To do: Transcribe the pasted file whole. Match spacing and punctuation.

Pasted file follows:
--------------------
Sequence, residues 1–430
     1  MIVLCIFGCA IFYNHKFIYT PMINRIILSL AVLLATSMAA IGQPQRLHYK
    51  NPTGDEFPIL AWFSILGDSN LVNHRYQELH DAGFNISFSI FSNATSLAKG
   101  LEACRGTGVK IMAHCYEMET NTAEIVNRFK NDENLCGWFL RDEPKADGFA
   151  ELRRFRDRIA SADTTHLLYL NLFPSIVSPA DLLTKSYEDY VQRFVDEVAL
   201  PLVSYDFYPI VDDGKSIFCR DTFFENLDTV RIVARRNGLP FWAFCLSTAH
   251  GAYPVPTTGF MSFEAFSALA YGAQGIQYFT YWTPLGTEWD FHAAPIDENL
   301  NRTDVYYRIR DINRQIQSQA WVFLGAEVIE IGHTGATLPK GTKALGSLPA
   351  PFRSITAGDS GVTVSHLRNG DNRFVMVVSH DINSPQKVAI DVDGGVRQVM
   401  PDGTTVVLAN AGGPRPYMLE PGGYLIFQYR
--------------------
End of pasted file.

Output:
Sequence, residues 1–430
     1  MIVLCIFGCA IFYNHKFIYT PMINRIILSL AVLLATSMAA IGQPQRLHYK
    51  NPTGDEFPIL AWFSILGDSN LVNHRYQELH DAGFNISFSI FSNATSLAKG
   101  LEACRGTGVK IMAHCYEMET NTAEIVNRFK NDENLCGWFL RDEPKADGFA
   151  ELRRFRDRIA SADTTHLLYL NLFPSIVSPA DLLTKSYEDY VQRFVDEVAL
   201  PLVSYDFYPI VDDGKSIFCR DTFFENLDTV RIVARRNGLP FWAFCLSTAH
   251  GAYPVPTTGF MSFEAFSALA YGAQGIQYFT YWTPLGTEWD FHAAPIDENL
   301  NRTDVYYRIR DINRQIQSQA WVFLGAEVIE IGHTGATLPK GTKALGSLPA
   351  PFRSITAGDS GVTVSHLRNG DNRFVMVVSH DINSPQKVAI DVDGGVRQVM
   401  PDGTTVVLAN AGGPRPYMLE PGGYLIFQYR